PCVThe PCV, or pneumococcal conjugate vaccine, protects children against the streptococcus pneumonia bacteria. Pneumococcal infections are known to cause meningitis, blood infections and pneumonia, mostly in children. Though infections are rare they can lead to death.

Why vaccinate?

Before the advent of PCV, infections caused by the pneumococcal bacteria were attributed to meningitis, blood infections, ear infections and death. It is estimated that more 200 children under the age of five died every year from preventable infections. While medications are available to treat the bacterial infections, strains of the bacteria have become resistant to some drugs making treatment more difficult. Vaccination reduces the risk of pneumococcal infections dramatically.

Vaccination Schedule

There are four vaccinations in the new PCV13 schedule. Prior to 2000, PCV7 was used for all four vaccinations, but a new vaccine, PCV13, has since replaced PCV7. PCV13 protects against 13 of the 90 strains of pneumococcal bacteria. If your child has completed the PCV7 series of vaccinations, one dose of PCV13 may be given to protect against the six added strains. The 1st dose is administered at 2 to 6 months; subsequent doses are given at 8-week intervals with the final dose administered at 12 to 15 months of age.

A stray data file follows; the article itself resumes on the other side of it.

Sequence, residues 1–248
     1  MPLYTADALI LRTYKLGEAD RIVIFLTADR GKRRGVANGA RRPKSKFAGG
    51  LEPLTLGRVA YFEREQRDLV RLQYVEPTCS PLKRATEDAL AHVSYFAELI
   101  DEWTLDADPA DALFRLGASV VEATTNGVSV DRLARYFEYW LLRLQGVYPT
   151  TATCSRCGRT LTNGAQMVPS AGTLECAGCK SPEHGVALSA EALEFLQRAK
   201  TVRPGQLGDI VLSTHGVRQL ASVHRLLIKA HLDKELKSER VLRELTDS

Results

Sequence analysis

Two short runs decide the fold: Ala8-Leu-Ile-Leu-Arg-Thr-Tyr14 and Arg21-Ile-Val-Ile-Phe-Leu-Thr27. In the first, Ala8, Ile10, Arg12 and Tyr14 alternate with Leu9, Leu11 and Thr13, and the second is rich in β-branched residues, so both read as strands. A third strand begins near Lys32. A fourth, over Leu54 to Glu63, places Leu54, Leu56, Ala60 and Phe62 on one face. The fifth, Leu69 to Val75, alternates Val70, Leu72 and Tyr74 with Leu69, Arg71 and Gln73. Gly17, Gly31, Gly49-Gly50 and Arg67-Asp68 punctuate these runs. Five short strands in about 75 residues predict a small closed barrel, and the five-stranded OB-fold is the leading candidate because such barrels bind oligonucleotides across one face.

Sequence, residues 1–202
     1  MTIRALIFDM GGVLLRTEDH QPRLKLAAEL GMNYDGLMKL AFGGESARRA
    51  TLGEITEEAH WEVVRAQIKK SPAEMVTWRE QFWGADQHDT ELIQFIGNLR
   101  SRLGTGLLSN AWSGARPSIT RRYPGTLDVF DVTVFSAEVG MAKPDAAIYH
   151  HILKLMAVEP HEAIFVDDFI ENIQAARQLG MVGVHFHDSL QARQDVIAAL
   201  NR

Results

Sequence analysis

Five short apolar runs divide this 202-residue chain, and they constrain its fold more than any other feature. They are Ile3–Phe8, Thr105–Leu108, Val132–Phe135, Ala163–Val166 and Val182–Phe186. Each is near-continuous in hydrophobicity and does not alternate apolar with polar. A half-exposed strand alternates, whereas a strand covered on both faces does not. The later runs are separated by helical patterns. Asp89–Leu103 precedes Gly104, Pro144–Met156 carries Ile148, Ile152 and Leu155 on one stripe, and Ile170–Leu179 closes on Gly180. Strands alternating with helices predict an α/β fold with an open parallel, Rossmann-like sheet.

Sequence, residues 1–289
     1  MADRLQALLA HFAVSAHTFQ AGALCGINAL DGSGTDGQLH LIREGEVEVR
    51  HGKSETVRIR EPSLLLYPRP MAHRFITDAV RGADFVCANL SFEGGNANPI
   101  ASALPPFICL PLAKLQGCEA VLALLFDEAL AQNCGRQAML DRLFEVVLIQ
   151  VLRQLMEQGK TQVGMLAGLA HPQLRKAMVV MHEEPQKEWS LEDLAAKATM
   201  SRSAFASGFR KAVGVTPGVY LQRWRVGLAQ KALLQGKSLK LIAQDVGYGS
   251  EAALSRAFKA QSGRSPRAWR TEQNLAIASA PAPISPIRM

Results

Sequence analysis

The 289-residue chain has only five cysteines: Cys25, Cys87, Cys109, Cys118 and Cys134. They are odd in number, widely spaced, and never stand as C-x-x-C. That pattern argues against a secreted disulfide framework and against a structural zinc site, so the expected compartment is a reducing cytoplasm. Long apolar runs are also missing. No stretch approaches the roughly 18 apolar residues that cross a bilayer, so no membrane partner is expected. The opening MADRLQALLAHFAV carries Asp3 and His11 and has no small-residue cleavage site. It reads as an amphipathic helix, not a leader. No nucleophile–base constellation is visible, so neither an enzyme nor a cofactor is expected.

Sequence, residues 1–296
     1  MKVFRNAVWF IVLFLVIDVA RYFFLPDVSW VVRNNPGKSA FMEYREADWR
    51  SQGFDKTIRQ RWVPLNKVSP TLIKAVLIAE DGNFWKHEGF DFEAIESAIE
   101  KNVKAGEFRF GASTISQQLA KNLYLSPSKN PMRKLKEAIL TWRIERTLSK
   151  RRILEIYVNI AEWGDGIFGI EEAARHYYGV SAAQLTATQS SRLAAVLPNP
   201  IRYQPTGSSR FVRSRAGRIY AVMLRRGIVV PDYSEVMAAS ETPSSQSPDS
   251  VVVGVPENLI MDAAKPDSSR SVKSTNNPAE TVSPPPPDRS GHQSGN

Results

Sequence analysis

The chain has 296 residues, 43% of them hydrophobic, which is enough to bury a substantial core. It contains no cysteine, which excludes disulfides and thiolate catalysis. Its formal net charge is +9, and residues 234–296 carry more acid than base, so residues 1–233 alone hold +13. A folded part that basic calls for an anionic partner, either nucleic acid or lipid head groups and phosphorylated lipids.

Risks of the Vaccination
All vaccinations carry some risk of side effects. The most dangerous PCV side effect is severe allergic reaction, though extremely rare. Common side effects include:

  • Elevated temperature
  • Drowsiness
  • Injection site redness or swelling

Mild reactions typically resolve within a day or two, but more severe side effects should be reported to the pediatrician or family physician. Mild fever and injection site pain can be treated with over-the-counter pain medications approved for fever reduction, but only with the advice of your child’s doctor.

Signs Your Child Should Wait to Get Vaccinated

If your child is moderately to severely ill, the PCV shot will be postponed. Children who have experienced a severe allergic reaction to a previous PCV shot or vaccines that contain diphtheria, including DTaP, should not be vaccinated.

Can Older Children/Adults be Vaccinated?

Older children can be vaccinated with PCV, but PPSV23 is typically used in place of PCV13. If a child completed the PCV7 vaccination schedule, but they are between two and five years of age, one dose of PSV13 should be administered.

What Should I Do If My Child Has a Reaction?

If your child has a reaction to the PSV13 shot, contact your physician’s office for further advice. Severe allergic reactions should be treated with emergency medical attention immediately. Symptoms of a severe reaction may include shortness of breath, wheezing, hives, difficulty breathing or increased heart rate.